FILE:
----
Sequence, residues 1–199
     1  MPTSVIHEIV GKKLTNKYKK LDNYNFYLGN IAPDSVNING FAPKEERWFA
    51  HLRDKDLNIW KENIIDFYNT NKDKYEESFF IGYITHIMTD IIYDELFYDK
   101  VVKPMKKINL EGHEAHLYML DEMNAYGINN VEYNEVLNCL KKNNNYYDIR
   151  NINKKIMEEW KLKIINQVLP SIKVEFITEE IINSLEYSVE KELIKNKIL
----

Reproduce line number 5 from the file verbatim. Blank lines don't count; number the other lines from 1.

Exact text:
   151  NINKKIMEEW KLKIINQVLP SIKVEFITEE IINSLEYSVE KELIKNKIL